The central conceit of The Hunger Games is this: In a post-apocalyptic future America, every year 24 teenagers are taken from each district and brought to the capitol to fight a battle to the death for the entertainment of the public. The winner receives lifelong riches. Our heroine, Katniss Everdeen, comes from the poor mining District 12, and we see the experience through her eyes. However, since the story is told in the first person, we know that she survives. (Because no rhetorical trick to arrange things otherwise would be convincing.)
Fundamentally, The Hunger Games is a suspense novel, colored by Katniss’ experiences on her journal. The novel sets up the status quo in her own district, and then upends her life when she’s selected for the Games. Katniss feels very deeply about some things, like her mother and sister, but beyond those things she’s very rational and thoughtful, to the point that she has trouble picking up on certain emotional cues from others, and then reacts violently when she’s surprised, as happens several times in the book. On the other hand, her ability to reason serves her well in the arena once the games begin, and her fundamentally good heart wins her some friends and allies.
What Collins does which lifts The Hunger Games above other YA fare that I’ve read is that some plot developments are telegraphed pages ahead of time, but you realize that it’s only going to make thing worse – worse for Katniss, worse for someone she cares about, or worse for everyone. Or that she’s been backed into a corner so although she technically has a choice, she doesn’t really have a choice. It’s a suspense novel, and there’s the constant worry that things are going to get worse, and might not ever get better.
So, the novel is about Katniss’ resilience in the face of despair, in the face of overwhelming odds. Not for nothing is the signature aphorism in the book, “May the odds be ever in your favor.” Almost designed to appeal to statistically-minded fans of modern sports, the saying ironically notes that any edge you gain is so small in the Hunger Games as to be almost meaningless, even if it might be vital to survival.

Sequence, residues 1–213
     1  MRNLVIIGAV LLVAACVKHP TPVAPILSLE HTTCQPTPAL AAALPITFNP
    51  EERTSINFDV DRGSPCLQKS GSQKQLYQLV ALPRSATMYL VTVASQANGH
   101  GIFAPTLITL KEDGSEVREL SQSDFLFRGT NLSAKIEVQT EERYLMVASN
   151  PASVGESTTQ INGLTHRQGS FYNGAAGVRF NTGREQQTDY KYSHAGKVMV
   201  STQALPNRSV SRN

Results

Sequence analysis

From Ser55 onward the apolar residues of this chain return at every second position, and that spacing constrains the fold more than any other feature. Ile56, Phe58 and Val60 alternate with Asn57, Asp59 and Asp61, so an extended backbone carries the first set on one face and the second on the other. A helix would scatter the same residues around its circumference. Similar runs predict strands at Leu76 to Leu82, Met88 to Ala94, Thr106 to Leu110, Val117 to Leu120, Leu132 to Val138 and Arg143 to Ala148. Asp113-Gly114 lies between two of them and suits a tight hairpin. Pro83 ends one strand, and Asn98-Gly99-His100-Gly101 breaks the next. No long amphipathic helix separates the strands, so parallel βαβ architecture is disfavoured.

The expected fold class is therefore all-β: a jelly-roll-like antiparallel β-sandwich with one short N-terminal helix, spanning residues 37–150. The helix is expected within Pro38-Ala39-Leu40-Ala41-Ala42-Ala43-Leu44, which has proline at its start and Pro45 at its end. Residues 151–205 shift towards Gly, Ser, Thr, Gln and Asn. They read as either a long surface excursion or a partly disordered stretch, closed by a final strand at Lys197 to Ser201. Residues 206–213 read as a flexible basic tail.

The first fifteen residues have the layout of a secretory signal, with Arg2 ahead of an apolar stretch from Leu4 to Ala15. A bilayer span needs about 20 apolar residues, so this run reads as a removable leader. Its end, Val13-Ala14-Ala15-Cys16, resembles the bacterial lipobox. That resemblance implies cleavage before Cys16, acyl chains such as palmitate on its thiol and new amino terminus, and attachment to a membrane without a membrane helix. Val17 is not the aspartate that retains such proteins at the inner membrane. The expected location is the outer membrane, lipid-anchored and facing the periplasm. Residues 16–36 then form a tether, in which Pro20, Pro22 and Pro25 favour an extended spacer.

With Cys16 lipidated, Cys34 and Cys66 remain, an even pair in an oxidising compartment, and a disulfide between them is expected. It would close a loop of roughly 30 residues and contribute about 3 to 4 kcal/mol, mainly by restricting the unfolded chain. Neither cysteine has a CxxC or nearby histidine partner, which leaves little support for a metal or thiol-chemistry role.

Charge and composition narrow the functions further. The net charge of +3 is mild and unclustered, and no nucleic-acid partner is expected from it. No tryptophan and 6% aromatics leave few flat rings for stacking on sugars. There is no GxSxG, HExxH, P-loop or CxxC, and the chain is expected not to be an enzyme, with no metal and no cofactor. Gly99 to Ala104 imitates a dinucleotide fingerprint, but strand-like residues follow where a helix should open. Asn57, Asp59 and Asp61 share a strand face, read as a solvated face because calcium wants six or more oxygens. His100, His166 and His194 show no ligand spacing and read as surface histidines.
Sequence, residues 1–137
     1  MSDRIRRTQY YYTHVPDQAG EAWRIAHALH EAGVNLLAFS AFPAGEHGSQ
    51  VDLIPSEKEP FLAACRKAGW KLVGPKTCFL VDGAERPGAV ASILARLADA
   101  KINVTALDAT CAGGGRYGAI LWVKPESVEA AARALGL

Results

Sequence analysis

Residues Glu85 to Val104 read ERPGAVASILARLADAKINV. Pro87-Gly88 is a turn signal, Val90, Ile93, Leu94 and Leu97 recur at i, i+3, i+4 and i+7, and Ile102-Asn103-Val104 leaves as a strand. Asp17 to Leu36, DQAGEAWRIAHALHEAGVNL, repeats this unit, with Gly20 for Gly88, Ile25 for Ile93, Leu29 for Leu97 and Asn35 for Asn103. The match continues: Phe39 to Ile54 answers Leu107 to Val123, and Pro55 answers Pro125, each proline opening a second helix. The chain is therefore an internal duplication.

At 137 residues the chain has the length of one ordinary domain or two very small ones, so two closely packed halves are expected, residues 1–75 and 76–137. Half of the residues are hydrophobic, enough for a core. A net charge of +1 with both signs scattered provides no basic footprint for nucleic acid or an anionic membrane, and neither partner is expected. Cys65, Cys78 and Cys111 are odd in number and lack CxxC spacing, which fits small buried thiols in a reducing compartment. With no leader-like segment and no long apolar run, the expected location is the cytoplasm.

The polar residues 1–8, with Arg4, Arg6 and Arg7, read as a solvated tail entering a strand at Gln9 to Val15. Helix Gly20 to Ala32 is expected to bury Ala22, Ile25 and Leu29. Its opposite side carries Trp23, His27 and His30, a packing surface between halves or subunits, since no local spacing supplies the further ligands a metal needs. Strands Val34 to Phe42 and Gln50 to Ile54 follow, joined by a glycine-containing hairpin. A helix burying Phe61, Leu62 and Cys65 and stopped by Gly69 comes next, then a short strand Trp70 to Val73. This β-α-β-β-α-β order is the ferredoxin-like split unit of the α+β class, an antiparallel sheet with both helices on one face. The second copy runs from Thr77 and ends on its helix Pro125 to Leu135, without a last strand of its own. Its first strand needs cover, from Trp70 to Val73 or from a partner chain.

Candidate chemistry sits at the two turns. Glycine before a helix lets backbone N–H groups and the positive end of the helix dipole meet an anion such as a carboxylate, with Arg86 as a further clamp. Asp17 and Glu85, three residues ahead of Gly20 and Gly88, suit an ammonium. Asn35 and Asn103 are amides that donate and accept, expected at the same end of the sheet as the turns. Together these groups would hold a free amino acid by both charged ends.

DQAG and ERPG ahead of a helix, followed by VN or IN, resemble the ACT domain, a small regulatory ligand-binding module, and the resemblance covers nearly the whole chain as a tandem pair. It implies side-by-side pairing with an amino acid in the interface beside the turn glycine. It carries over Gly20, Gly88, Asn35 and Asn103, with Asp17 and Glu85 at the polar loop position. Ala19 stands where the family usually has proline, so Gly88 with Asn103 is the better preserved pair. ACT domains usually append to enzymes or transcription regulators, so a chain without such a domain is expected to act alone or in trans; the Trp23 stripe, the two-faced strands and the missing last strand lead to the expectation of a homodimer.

What the book forces Katniss to do is to recognize what’s really important to her. Certainly she’s been caring for her family since the death of her father in a mine cave-in when she was young, but she has to move beyond that: Fighting for her own survival isn’t enough, there are other things to care about as well. Friendships she makes in the arena, the unjustness of the Games themselves, and knowing how far she’s willing to go to survive.
It’s easy to see why The Hunger Games is popular: Katniss is a capable, clever and thoughtful young woman, but she’s also awkward and lacks self-confidence in many areas, so she both stands in as a model of wish fulfillment, and as a person the reader can relate to in her uncertainties. She’s hard when she needs to be, empathetic when she wants to be, and not perfect on either count. In a more nuanced way than Harry Potter, Katniss Everdeen is someone the reader wants to be (without going through the ordeal of the Games, of course).
The world is very well realized, too; I expect it will be better fleshed out in the other two books in the trilogy, but there’s not much left wanting for the purposes of the story in this first book. And the setting and execution of the Games themselves is very well done. Perhaps the conflict falls apart a bit at the end – the climactic showdown is sidestepped in an awkward manner – and the denouement feels a little rushed (though it sets up the first act of the second book, which I’m already reading), but those are quibbles.
As adventure, as character drama, as gets-you-squirming-in-your-seat suspense, The Hunger Games is a resounding success. I’m not sure why it took me this long to read it.
For Christmas my aunt and uncle gave me an amaryllis plant. Pretty neat, but before I set it up I had to check whether it was poisonous to cats, since both Jackson and Sadie like munching on plants (yet another obstacle to my mastery of growing orchids!). It turns out it is moderately toxic, so I decided I couldn’t just set it up in the house. So it sat for the better part of a month while I thought about it (or, really, ignored it).